By Jim Shimabukuro
The University of Hong Kong,1 following the popular flip trend, is taking tentative first steps toward incorporating MOOCs into their on-campus courses. (See my earlier article on blended MOOCs.) Like its counterparts in the U.S., HKU’s MOOCs are closed for their on-campus students but simultaneously open for outsiders. In other words, they remain tethered to traditional courses for F2F students and free for distant students.
Noteworthy is HKU’s discovery that MOOC forums, unlike online forums attached to onground classes, “are extremely lively.” One of the professors attributes this disparity to the comfort of anonymity and is looking into extending the anonymity option to on-campus students.
Another explanation may be that F2F meetings simply render online forums moot. Off-campus MOOC students, lacking this option, turn to the forums for their sole means of interaction.
Yet another explanation is that the open end of MOOCs is disruptive, attracting a completely different population of students. For example, HKU MOOCs — dubbed HKUx to reflect its association with edX — attracted 10,000 to 12,000 “students from 173 countries,” and “more than 10 per cent were over 50 years old, and the median age was 29.” This population, although varying widely in characteristics, shares a common problem that sets them apart: They’re unable, for whatever reason, to attend F2F classes. For want of a better term, they are nontraditional students.
The implication is that HKUx and similar MOOCs are both closed and open at the same time, serving two distinct populations with very different purposes.
In the coming months and years, it’ll be interesting to see if HKUx professors will realize that, from the perspective of on-campus students, their MOOCs are essentially blended courses. It is only from the perspective of distant students that they appear to be MOOCs.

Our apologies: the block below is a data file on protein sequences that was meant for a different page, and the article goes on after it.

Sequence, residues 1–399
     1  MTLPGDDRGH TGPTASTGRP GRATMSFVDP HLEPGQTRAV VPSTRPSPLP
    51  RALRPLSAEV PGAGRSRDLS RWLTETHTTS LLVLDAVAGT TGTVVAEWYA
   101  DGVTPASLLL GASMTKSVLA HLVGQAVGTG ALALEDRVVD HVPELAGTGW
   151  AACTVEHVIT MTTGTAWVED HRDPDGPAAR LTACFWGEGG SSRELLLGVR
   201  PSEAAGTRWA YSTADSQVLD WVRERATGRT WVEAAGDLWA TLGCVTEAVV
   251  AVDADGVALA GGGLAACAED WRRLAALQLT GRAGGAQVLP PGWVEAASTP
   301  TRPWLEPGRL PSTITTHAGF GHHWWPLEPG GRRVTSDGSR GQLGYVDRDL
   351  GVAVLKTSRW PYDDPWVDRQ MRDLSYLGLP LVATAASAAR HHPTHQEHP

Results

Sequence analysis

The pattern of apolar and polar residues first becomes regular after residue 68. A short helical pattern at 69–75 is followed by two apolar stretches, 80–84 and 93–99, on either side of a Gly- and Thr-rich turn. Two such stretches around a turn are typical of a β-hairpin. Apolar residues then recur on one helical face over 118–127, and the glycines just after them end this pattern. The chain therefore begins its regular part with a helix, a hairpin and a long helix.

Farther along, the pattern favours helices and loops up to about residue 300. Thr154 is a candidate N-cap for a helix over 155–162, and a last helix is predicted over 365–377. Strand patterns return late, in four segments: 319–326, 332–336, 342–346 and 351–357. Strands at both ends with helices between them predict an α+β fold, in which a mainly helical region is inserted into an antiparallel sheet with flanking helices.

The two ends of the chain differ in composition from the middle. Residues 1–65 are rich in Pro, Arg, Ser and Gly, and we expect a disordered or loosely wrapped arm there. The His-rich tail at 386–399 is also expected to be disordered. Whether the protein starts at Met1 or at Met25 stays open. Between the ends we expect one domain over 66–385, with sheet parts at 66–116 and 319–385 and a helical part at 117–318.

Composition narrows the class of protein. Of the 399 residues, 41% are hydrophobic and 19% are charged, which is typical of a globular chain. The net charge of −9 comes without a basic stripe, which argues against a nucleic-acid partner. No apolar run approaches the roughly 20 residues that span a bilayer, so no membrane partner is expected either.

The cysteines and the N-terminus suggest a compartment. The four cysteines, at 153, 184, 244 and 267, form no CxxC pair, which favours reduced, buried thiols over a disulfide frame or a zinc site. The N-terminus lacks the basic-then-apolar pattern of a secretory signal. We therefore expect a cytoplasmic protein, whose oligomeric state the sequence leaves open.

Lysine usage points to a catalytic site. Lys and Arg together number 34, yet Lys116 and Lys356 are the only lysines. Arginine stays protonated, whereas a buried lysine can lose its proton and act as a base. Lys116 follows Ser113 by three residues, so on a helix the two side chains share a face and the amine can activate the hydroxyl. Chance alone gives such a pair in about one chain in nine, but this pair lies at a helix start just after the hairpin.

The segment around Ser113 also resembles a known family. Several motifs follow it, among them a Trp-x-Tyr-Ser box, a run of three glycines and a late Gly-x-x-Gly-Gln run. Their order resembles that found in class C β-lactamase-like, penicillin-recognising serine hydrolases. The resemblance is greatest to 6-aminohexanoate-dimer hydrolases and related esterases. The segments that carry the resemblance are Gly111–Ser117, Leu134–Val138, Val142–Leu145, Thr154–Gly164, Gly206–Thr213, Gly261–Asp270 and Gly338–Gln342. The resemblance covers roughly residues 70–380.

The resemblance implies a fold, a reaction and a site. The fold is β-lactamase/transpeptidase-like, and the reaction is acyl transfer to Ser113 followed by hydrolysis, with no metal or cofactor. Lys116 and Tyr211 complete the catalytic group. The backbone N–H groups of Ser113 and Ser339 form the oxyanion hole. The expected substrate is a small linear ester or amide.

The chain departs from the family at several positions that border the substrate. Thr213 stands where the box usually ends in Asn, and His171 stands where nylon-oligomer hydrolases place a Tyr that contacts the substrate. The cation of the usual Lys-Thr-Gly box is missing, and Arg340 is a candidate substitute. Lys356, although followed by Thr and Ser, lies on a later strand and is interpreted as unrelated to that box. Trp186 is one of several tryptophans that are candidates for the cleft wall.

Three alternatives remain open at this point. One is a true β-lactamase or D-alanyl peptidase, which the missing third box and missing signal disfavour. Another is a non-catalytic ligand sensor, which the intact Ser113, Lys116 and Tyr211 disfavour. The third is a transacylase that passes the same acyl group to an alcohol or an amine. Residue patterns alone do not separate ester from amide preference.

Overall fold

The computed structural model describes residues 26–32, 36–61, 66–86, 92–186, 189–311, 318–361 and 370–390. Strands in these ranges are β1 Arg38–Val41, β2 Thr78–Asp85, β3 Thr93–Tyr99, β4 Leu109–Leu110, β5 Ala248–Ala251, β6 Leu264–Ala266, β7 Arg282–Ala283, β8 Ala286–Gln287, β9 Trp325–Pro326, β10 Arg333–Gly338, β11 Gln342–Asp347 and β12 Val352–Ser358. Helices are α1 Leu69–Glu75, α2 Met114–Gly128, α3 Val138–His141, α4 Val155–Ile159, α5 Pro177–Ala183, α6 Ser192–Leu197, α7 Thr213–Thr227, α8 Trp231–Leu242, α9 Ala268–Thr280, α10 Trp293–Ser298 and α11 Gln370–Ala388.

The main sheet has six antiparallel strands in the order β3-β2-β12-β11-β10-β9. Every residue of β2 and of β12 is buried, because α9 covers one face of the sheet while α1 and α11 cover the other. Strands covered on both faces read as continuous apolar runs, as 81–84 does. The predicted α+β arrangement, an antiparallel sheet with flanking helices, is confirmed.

The fact that two very different populations can coexist in MOOCs opens up a lot of possibilities. First and foremost is that the success of MOOC practices for nontraditionals could gradually loosen the tether to F2F classes for traditionals, transforming blended courses into true MOOCs or, at the least, completely online courses. The primary obstacle to this scenario is the fear that interactions inevitably suffer in online forums. The success of HKU’s MOOC forums, however, belies this fear.
Another possibility is that tradition will outweigh the potential advantages of MOOCs and keep them anchored to on-campus classrooms, sustaining the blended model for who knows how long.
In the end, traditional students will probably tip the scale away from blended to MOOC when they realize that online learning is just as if not better than F2F for a number of reasons, including the freedom of anytime-anywhere engagement. When — and not if — this happens, the longstanding policy of withholding college credit for MOOC courses will be on the line.
1Victor Wang, “How MOOCs helped University of Hong Kong apply e-learning tools on campus,” South China Morning Post, 20 July 2015.